Dirndl & Lederhosen, more than just clothes

You might have seen these clothing pieces in Oktoberfest. But do you know what are they called, or even the history behind them? Well, if your answer is no, here we will explain more about these particular garments.

To start, the Dirndl is for women and the Lederhosen is for men. Both of them are typical from Bavaria and some pars of Austria, such as Salzburg. And because of the location, we can also say that they are typical from the Alps. Now let’s dig into them a bit more …

Dirndl:

In the beginning was known as a peasant dress, but later it expanded to the cities, although used by maids. Furthermore between 1870 and 1880 the upper classes and the aristocracy began to wear it as a modern summer dress.

The modern Dirndl arrived in the city of Munich, the capital of Bavaria, through the “Wallach” store, owned by Jewish owners. There, dresses with colored fabrics and motifs were sold, which earned great recognition to their owners, Julius and Moritz Wallach. In addition to running the sale, the Wallach brothers also staged Oktoberfest parades and operas at the “Im Weißen Rössl” theater, which helped popularize the dress among the upper classes of the city. The name Wallach then became synonymous with the modern Dirndl in Munich and Upper Bavaria.

Nowadays, wearing a dirndl is considered as a symbol of regional pride, although many women wear it because they find it simply sexy, as it accentuates the feminine curves and hides any imperfections.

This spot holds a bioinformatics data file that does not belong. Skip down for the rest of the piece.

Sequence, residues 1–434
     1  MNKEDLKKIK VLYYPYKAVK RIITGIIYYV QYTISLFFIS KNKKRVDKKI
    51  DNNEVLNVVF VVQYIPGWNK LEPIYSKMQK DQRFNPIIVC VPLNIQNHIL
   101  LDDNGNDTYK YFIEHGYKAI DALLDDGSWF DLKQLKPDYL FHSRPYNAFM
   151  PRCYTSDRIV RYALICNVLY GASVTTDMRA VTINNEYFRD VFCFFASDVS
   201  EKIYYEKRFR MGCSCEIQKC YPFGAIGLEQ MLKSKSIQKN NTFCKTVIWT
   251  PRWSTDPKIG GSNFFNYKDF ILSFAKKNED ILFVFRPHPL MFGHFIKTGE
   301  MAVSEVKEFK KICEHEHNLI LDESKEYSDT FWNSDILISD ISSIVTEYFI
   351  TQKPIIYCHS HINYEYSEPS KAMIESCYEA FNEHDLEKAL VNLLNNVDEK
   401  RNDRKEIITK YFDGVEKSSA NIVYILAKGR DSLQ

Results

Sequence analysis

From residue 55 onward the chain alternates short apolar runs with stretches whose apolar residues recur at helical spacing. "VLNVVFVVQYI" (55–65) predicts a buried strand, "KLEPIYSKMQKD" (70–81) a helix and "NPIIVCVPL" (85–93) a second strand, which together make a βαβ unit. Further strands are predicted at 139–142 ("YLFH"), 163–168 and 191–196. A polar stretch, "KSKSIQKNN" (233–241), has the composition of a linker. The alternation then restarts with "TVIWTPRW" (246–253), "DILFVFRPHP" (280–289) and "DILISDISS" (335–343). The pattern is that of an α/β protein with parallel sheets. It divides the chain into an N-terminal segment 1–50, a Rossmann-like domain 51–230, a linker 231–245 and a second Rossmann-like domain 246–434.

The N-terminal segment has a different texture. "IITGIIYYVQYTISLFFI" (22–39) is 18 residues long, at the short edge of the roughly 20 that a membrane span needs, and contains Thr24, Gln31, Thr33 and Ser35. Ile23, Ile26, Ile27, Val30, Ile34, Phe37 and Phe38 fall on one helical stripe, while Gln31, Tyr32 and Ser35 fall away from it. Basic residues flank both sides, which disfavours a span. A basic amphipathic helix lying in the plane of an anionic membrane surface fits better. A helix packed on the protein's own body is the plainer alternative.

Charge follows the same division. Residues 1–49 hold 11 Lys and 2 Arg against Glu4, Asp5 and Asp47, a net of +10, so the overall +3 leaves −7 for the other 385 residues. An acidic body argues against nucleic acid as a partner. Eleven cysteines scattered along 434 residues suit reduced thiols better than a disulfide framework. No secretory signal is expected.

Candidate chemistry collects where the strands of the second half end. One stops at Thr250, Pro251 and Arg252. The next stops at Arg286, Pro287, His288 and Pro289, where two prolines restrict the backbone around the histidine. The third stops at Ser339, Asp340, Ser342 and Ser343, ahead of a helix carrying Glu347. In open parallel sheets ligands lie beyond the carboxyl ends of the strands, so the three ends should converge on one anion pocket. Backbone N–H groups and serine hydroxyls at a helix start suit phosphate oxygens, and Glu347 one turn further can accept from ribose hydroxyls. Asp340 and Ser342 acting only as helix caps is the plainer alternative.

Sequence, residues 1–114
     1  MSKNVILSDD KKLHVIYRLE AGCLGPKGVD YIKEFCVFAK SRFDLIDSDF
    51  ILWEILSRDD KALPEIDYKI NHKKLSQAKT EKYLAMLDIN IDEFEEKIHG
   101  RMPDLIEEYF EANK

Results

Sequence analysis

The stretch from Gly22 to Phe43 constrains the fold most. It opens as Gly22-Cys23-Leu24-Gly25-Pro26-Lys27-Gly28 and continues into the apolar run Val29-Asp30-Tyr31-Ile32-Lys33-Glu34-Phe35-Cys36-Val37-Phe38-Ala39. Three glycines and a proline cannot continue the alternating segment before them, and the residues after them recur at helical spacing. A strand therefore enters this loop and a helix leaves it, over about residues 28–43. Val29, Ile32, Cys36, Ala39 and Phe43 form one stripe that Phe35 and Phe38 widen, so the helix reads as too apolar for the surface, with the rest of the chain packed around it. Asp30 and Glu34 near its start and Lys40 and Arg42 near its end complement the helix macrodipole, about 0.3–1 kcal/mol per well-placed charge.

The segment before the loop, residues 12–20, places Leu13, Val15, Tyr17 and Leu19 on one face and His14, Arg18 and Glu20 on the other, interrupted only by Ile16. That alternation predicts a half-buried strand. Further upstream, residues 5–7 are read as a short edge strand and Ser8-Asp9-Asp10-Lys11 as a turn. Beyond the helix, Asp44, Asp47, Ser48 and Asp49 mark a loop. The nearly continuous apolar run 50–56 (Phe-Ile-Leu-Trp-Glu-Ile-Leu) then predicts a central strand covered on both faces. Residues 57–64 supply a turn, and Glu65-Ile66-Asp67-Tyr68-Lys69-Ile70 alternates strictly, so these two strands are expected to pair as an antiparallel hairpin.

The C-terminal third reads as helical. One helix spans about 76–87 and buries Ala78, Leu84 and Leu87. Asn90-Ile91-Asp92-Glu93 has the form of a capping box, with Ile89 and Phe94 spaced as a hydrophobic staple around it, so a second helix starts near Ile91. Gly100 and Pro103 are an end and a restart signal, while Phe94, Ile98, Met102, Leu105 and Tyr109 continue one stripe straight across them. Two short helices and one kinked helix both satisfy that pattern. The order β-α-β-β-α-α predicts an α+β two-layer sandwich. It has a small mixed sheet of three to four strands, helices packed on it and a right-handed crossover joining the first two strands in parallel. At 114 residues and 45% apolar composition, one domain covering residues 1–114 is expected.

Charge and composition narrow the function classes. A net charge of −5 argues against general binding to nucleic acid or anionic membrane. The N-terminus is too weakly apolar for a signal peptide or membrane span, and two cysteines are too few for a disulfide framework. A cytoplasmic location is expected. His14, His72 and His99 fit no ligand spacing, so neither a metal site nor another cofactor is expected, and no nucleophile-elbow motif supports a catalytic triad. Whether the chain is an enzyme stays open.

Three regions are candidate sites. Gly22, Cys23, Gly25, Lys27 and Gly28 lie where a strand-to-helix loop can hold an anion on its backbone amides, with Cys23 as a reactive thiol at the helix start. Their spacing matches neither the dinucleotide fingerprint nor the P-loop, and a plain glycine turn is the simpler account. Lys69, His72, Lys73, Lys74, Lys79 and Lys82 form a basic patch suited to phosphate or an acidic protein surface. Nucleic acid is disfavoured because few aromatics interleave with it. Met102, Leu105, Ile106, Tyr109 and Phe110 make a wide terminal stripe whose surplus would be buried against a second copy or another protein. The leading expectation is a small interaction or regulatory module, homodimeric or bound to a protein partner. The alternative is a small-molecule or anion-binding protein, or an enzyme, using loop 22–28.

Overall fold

Nevertheless, it also has a big symbolism. The tie with which the apron is tied formerly symbolized the marital status of the wearer. If the woman tied the tie on the right side, this meant that she was married or engaged, and the tie on the left side, single. Only widows wore the tie tied at the back. Until before World War II, that was equivalent to a woman’s virginity.

Lederhosen:

It would be the equivalent of the dirndl but for men. They are made out of leather and can be either long or short. This garment was also used by peasants, since it was comfortable for cleaning and working in the fields. But this piece of clothing didn’t get lost in the country sides, because the King Maximilian II of Bavaria started to wear this outfit.

In some regions, like Salzkammergut, is still common to see people wearing them daily. They are made by hand and with a lot of details, meaning that they last for your entire life. Although hand made Lederhosen are made by inquiry and usually there is a waiting list of months or even years.

Not only in the region mentioned before you can see this costume, the Oktoberfest is the place where every man uses them to assist the festival and show their culture.

Juana Sosa
Author: Juana Sosa

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